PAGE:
Don W. Wilson

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Dick Cheney administers the oath of office to Don Wilson as Mrs. Wilson and President Ronald Reagan look on, December 4, 1987.

Don W. Wilson (born 1942) was appointed the Archivist of the United States, serving from December 4, 1987, to March 24, 1993.

Biography[edit]

Wilson earned a bachelor's degree from Washburn University in Topeka, Kansas, and attended the University of Cincinnati, which awarded Wilson both an M.A. and Ph.D. in history. He served on the history faculties at the University of Michigan and Washburn University and worked with the Center for Presidential Studies at Texas A&M University as a research professor. Wilson also worked as Archivist at the Kansas State Historical Society and as Associate Director at the State Historical Society of Wisconsin.

Wilson has extensive experience with presidential libraries, working as Deputy Director of the Dwight D. Eisenhower Presidential Library, as the first Director of the Gerald Ford Presidential Library, in Ann Arbor, Michigan in 1981,[1] as the Executive Director of the George Bush Presidential Library and George Bush Presidential Library Foundation (April 1993 – 1998) at Texas A&M University. The later position was a source of controversy when it was revealed that Wilson made an agreement with Bush that gave the president control over his records that was ultimately judged "arbitrary, capricious, an abuse of discretion and contrary to law."[2]

National Archives[edit]

President Ronald Reagan swore-in Wilson on December 4, 1987, with US Congressman Dick Cheney, serving as the master of ceremonies.[3][4]

On May 18, 1992, in his official capacity as Archivist, he officially certified the ratification of the Twenty-seventh Amendment to the United States Constitution and on May 19, 1992, printed it in the Federal Register, together with the certificate of ratification.[5] Due to the length of time between the amendment’s submission and ratification (more than 202 years), doing this without congressional approval was controversial, with Speaker of the House Tom Foley and others called for a legal challenge to the amendment's unusual ratification.

However, Wilson had acted under statutory authority granted to his office by the Congress under Title 1, section 106b of the United States Code, which states:

Whenever official notice is received at the National Archives and Records Administration that any amendment proposed to the Constitution of the United States has been adopted, according to the provisions of the Constitution, the Archivist of the United States shall forthwith cause the amendment to be published, with his certificate, specifying the States by which the same may have been adopted, and that the same has become valid, to all intents and purposes, as a part of the Constitution of the United States.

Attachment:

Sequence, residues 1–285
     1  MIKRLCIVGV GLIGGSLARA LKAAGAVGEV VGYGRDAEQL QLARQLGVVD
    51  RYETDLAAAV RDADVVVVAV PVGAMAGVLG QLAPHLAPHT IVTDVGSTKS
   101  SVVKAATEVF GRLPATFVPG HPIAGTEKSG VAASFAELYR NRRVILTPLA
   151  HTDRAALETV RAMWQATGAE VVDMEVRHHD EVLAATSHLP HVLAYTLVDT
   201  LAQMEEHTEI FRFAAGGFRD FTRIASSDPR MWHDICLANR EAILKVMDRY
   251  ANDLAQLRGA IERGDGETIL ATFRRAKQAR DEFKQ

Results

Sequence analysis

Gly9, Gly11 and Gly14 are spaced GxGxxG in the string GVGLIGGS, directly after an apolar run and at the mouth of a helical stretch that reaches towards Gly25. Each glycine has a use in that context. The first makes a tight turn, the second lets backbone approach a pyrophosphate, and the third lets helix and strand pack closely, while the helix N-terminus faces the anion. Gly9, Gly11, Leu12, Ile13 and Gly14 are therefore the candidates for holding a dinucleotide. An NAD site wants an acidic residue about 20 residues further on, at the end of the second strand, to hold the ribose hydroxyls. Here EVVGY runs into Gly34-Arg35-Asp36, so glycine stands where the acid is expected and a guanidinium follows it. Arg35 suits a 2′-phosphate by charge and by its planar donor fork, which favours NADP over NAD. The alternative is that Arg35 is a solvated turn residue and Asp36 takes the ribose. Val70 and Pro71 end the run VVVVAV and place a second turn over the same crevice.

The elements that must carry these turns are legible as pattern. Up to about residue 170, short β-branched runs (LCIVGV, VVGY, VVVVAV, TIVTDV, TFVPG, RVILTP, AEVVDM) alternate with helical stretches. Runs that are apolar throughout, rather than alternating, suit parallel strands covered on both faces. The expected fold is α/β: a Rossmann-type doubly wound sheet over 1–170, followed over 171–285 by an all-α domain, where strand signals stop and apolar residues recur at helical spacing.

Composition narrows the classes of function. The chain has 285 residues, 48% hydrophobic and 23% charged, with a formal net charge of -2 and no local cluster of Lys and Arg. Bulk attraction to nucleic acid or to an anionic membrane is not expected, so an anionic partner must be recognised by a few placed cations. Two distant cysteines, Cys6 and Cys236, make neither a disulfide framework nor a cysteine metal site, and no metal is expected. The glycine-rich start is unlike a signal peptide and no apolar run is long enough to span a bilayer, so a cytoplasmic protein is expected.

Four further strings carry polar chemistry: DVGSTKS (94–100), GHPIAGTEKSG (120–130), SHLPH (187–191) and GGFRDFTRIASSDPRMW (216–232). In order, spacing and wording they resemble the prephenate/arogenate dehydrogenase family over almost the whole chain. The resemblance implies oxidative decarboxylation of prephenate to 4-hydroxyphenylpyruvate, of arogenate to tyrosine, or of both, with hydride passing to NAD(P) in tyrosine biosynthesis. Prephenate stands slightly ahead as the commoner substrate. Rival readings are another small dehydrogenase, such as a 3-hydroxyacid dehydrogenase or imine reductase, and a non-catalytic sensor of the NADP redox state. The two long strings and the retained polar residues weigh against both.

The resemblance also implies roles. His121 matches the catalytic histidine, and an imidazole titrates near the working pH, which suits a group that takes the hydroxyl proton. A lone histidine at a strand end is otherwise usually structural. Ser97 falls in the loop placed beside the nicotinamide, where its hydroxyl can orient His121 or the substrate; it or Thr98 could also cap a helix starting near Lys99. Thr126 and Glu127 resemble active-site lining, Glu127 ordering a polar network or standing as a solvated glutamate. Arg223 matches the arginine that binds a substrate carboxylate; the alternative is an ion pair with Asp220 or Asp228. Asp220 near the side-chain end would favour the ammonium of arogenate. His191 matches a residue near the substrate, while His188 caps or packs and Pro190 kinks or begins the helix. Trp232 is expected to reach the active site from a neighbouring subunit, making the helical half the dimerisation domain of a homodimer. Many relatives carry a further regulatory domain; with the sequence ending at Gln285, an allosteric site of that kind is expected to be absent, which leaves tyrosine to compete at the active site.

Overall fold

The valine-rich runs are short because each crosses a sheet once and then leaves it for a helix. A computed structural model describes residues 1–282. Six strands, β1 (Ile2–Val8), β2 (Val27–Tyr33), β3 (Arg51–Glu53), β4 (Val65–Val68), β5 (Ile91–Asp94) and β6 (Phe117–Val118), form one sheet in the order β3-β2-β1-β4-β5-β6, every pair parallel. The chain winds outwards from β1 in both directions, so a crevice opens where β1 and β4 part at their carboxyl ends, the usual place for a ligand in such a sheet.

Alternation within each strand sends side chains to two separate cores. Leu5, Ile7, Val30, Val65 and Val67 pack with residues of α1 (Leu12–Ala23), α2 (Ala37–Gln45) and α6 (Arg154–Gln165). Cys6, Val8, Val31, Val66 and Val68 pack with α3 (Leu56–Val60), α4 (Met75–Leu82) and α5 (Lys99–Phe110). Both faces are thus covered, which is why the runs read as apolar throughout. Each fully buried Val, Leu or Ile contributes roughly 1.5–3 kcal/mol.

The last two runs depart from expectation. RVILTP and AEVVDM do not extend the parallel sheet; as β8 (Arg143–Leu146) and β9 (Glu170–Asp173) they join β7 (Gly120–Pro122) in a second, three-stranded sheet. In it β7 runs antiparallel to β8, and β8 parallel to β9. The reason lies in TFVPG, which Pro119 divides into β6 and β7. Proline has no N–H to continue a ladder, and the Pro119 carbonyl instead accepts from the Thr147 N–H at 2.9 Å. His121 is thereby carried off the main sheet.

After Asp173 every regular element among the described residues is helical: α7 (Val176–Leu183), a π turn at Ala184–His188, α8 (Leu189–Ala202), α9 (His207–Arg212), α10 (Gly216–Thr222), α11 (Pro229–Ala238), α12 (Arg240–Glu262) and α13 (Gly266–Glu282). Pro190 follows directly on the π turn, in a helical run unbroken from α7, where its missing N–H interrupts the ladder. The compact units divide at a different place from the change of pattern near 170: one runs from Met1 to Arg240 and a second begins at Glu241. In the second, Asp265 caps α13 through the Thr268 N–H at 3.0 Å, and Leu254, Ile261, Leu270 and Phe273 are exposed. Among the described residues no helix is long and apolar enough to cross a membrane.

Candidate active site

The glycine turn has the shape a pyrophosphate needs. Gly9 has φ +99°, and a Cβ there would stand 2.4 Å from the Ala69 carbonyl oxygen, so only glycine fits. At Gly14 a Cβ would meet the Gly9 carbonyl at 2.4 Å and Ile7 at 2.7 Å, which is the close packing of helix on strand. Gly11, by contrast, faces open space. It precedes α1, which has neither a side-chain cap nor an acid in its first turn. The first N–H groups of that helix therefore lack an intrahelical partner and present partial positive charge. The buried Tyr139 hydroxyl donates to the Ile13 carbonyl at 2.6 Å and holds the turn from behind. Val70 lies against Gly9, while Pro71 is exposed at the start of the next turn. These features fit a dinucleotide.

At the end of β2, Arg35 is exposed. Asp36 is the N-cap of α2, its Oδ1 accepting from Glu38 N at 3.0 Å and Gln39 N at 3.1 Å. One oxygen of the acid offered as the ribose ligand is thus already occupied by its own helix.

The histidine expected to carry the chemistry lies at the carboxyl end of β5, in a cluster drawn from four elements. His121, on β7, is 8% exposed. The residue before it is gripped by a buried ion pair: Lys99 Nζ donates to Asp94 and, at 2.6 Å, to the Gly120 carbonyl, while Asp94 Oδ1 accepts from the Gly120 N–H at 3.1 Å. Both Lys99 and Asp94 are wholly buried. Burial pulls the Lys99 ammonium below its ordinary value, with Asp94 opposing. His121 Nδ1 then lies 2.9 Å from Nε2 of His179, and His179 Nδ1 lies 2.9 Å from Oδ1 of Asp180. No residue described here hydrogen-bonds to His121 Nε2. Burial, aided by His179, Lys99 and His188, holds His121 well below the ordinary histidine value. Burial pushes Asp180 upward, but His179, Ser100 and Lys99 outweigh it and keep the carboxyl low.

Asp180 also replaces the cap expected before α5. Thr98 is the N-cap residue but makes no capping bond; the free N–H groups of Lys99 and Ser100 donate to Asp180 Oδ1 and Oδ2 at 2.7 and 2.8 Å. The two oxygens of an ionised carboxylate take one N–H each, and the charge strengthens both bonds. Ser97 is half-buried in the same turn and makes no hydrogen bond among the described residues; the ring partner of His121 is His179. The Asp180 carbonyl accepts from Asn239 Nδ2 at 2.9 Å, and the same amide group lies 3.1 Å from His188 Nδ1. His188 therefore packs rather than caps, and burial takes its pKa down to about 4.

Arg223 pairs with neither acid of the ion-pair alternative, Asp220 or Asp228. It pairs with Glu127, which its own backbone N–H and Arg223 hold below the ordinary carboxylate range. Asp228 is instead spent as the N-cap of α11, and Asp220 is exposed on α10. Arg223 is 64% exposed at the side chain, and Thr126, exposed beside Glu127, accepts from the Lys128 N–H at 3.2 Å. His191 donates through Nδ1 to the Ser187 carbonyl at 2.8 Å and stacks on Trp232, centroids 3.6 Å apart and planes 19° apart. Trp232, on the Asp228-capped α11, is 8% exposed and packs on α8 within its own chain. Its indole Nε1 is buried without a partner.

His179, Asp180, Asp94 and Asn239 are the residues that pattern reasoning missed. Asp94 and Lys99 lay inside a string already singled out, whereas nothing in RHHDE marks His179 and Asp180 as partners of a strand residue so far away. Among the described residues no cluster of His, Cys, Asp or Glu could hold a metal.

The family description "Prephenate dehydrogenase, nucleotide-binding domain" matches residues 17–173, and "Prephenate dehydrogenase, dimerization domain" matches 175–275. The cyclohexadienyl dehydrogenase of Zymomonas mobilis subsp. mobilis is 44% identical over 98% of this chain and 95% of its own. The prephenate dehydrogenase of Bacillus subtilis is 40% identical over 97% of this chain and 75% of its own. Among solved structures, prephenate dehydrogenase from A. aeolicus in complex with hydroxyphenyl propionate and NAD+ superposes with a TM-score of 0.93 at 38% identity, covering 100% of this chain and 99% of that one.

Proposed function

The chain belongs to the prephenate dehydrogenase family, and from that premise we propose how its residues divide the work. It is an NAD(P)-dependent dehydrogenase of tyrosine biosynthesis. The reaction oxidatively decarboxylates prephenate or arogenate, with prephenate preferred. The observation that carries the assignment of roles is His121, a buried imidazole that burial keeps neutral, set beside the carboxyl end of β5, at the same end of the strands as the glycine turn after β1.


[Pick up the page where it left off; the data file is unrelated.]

On May 20, 1992, each house of the 102nd Congress passed a version of a concurrent resolution agreeing that the amendment was validly ratified, despite the unorthodox period of more than 202 years for ratification. However, neither resolution was adopted by the entire Congress.

During his time at the National Archives and Records Administration, Wilson was a vocal advocate for the preservation of electronic records.[6][7] In spite of his "advocacy" for the preservation of electronic records, late on the night of January 19, 1993 (the day before the end of George H. W. Bush's presidency), Wilson signed a controversial deal, giving President Bush exclusive legal control over 5,000 tapes from White House computers. Three weeks later, Wilson announced that he would become executive director of the Bush Presidential Library Center. Wilson was investigated for conflict of interest; the midnight deal was later declared null and void by a federal judge.

In late 1992 there was also a controversy regarding his prior choice of Lawrence Oberg as NARA Inspector General.[8]

Awards[edit]

Wilson was a National Defense Fellow from 1964 to 1967 while at the University of Cincinnati, and received an honorary doctorate from the University of Cincinnati in 1988.

Don W. Wilson was honored by having his portrait placed in the grand staircase of the National Archives Building along the National Mall in Washington.[9]

Bibliography[edit]

  • Snell, Joseph W., and Don W. Wilson.[10]

References[edit]

  1. ^ Gerald Ford Foundation, geraldrfordfoundation.org
  2. ^ "Judge rules against effort by bush to control his records", nytimes.com
  3. ^ National Archives and Records Administration. Swearing in of Don W. Wilson as the seventh Archivist of the United States, December 4, 1987, National Archives Rotunda. Washington, D.C.: National Archives and Records Administration, 1988.
  4. ^ Reagan's Remarks at the Swearing-In Ceremony of Don W. Wilson as Archivist of the United States, reagan.utexas.edu
  5. ^ Michaelis, Laura (May 23, 1992). "Both Chambers Rush to Accept 27th Amendment on Salaries". Congressional Quarterly. p. 1423. 
  6. ^ Preservation of electronic records Letter to the Editor, cool.conservation-us.org
  7. ^ Wilson, Don W. Culture and Conflict: Defining the National Archives, lib.auburn.edu. In Government Information Quarterly 13, no. 2 (1996): 187-195.
  8. ^ Ex-Libris Listserv thread, Re: Archivist's Issues, November 5, 1992, cool.conservation-us.org
  9. ^ National Archives Unveils Portrait of Former Archivist of the United States, NARA Press Release, May 20, 2005. archives.gov
  10. ^ The Birth of The Atchison, Topeka and Santa Fe Railroad Kansas Historical Quarterly 34, no. 2 (Summer 1968): 113-142., kancoll.org

External links[edit]


Government offices
Preceded by
Frank G. Burke
Archivist of the United States
1987–1993
Succeeded by
Trudy Huskamp Peterson